Sol Prendido Borderland Beat Milenio
Captain Juan Jose Aguilar Talavera, a military training pilot who commanded the plane that landed on Sunday in Coahuila with 12 other people on board, had a notorious record worthy of a detective novel.
In 2006 he was arrested for allegedly being part of a narcopilot cell at the service of the Sinaloa cartel, which was accused of having introduced Colombian drug traffickers into the country, while in 2011 he piloted the plane in which he tried to bring the dictator’s son Libyan Muammar Gaddafi to Mexico.
Among other crimes, Aguilar Talavera and 10 others were indicted in 2006 for allegedly participating in logistics for the introduction of a shipment of 5.5 tons of cocaine in a DC-9 aircraft seized in Ciudad del Carmen, Campeche, in April of that same year. year, unlawful for which the Venezuelan Miguel Vicente Vázquez was sentenced to 17 years in prison.
The case uncovered a network of aerial transfers of cocaine from Africa and South America to Mexico and was one of the highlights in the administration of Vicente Fox, but even when he was informed at the time that he would be investigated by the case, the legal destination of Aguilar Talavera and if he received any sentence for that process, there are no public records.
What is known is that only five years after the Ciudad del Carmen affair, he was flying again: in 2011 he piloted the Hawker 800, which, in an almost film worthy operation, had the mission of extracting Saadi Gaddafi from Libya to move him to Mexico, where he would hide in a villa in Nayarit.
When he learned the real reason for the trip (organized by two Canadian businessmen), Aguilar Talavera refused to fly from Kosovo to the Libyan desert, according to testimonies collected by the then Deputy Attorney General for Specialized Investigation in Organized Crime, before which he had to appear. Since the operation was never carried out, he did not face charges.
The background of Captain Juanito, as he was known in the world of pilots, is not the only irregular element that comes to light after the accident.
The airline to which the crashed airplane belongs – TVPX Aircraft Solutions – does not exist in concrete terms, although it does exist legally. It is a shell company legally constituted in Utah that provides services to foreigners so that they can anonymously own an aircraft in the United States, where the law does not allow citizens of other countries to offer air transportation services. Sources consulted by MILENIO confirmed that the owners of the aircraft are from the State of Mexico, but are shielded under confidentiality contracts signed with the US consortium.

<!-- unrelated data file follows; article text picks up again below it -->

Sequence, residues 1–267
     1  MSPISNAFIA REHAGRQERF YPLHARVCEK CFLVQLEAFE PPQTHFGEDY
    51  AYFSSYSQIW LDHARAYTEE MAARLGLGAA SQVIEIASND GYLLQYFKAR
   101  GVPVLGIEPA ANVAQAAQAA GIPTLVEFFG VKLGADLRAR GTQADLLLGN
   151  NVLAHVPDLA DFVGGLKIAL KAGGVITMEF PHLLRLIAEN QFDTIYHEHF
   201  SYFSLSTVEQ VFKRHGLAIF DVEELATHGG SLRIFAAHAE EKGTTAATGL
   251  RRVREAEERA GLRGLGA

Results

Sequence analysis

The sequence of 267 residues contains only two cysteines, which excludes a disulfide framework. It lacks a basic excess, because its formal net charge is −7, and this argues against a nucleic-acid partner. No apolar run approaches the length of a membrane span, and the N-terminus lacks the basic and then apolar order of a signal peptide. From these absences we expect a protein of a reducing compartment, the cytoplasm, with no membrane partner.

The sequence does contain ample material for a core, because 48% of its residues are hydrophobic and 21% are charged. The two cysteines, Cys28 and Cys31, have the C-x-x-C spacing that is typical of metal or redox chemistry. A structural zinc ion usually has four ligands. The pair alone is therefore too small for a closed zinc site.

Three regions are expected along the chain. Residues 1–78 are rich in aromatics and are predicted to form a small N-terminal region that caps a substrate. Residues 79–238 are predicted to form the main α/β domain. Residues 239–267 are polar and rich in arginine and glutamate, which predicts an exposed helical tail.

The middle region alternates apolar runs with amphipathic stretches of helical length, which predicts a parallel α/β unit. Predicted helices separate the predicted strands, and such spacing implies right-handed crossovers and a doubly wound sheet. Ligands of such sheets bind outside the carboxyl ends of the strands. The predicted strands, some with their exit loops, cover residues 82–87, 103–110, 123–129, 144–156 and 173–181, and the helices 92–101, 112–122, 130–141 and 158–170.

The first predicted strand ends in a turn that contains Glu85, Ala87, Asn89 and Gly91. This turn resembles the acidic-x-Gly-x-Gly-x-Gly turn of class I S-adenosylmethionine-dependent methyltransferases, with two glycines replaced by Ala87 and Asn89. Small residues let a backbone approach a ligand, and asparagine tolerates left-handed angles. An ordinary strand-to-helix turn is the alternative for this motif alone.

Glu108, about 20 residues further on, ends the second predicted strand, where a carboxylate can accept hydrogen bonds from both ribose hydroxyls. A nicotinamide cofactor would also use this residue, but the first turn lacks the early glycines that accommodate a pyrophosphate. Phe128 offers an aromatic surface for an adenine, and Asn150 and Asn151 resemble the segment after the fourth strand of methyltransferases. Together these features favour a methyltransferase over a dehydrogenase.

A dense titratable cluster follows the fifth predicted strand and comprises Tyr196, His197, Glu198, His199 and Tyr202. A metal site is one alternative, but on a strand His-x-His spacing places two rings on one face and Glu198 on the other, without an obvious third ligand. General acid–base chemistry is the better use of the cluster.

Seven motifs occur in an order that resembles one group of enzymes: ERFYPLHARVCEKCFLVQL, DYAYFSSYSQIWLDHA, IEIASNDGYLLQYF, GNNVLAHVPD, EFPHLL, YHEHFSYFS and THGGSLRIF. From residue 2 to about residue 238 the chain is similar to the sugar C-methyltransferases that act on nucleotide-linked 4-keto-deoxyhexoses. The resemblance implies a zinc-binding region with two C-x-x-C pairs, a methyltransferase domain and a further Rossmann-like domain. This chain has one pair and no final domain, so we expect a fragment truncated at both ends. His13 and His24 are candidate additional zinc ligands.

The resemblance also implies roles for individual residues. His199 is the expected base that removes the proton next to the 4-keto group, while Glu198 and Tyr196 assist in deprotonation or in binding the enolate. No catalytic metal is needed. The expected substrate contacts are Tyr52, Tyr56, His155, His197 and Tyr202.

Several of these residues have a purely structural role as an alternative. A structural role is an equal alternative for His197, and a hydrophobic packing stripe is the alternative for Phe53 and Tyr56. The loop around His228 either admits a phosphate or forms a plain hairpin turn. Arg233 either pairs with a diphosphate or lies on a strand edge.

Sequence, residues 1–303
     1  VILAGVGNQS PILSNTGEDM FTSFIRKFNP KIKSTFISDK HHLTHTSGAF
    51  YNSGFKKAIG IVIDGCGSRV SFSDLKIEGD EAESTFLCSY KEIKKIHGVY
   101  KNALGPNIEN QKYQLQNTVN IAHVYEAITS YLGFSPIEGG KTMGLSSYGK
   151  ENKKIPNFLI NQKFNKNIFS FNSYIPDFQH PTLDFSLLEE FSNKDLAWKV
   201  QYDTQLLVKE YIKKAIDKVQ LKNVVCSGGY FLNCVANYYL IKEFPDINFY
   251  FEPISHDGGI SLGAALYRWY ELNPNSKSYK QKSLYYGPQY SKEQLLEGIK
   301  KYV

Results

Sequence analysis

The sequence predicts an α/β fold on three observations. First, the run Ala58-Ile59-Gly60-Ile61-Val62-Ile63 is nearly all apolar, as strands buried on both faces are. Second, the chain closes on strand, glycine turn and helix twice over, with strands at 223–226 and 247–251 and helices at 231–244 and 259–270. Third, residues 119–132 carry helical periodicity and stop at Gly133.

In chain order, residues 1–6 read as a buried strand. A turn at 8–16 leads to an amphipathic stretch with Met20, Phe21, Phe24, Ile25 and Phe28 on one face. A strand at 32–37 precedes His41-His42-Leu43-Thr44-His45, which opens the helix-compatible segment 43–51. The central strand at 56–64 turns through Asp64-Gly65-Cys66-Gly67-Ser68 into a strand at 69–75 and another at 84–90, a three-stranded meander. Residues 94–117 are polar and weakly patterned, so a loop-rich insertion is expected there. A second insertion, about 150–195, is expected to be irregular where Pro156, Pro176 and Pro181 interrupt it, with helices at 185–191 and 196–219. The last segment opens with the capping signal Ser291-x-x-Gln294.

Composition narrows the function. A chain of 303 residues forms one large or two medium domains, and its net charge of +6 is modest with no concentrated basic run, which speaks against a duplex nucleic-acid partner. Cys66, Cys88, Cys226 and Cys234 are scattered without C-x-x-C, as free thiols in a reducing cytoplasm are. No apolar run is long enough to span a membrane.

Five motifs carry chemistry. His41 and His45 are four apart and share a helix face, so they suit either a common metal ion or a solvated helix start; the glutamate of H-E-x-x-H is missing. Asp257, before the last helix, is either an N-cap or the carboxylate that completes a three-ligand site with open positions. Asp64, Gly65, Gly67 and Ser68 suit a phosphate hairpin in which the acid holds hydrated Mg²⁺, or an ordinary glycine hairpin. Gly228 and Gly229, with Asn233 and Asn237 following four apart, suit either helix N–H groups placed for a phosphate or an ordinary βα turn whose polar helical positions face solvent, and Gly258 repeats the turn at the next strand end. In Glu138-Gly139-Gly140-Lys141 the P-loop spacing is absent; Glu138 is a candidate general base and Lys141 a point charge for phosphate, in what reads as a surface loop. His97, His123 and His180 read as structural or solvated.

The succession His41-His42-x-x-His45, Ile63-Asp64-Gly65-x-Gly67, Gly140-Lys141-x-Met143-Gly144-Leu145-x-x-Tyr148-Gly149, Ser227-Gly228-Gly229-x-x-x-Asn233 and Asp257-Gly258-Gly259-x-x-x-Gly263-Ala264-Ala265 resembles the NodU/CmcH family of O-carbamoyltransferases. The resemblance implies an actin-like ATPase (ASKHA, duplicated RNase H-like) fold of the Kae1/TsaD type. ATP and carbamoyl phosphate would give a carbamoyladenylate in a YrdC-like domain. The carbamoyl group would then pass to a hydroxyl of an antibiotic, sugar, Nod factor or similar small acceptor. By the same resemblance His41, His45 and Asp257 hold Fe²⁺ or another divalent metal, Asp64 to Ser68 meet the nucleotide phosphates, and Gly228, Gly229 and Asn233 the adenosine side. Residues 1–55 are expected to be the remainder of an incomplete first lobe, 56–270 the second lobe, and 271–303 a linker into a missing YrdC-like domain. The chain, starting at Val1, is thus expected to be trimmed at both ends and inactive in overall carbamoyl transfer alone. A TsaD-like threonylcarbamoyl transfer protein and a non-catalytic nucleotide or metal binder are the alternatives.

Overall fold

As for the allegedly criminal activities of Aguilar Talavera, he and his brother, Miguel, were taken to be detained by elements of the Federal Police at the Tijuana airport on April 17, 2006, accused of transferring undocumented immigrants, Money laundering and drug transfer. The notes of the time narrate that they were stopped after landing in a private aircraft in which five Colombian citizens were traveling, one of them wanted by the DEA.
The key lay in his passenger manifesto. Among the people that the Aguilar Talavera brothers were transferring that day was Diana Lorena Toro Díaz, credited by the US Treasury Department as the financial operator of the Sinaloa cartel and the network headed by Alejandro Flores Cacho, owner of several airlines used to transfer drugs, such as LuzAair SA de CV. She, the Aguilar Talavera brothers and the rest of the Colombians received a formal prison order for this and the case of Ciudad del Carmen three months later.
“A federal judge decreed the formal imprisonment of 11 people – including five Colombians – who are allegedly part of a cell of the Sinaloa cartel, and which are related to the shipment of 5.5 tons of cocaine seized last April in the Ciudad del Carmen airport, Campeche, “newspaper El Universal reported on July 27, 2006.
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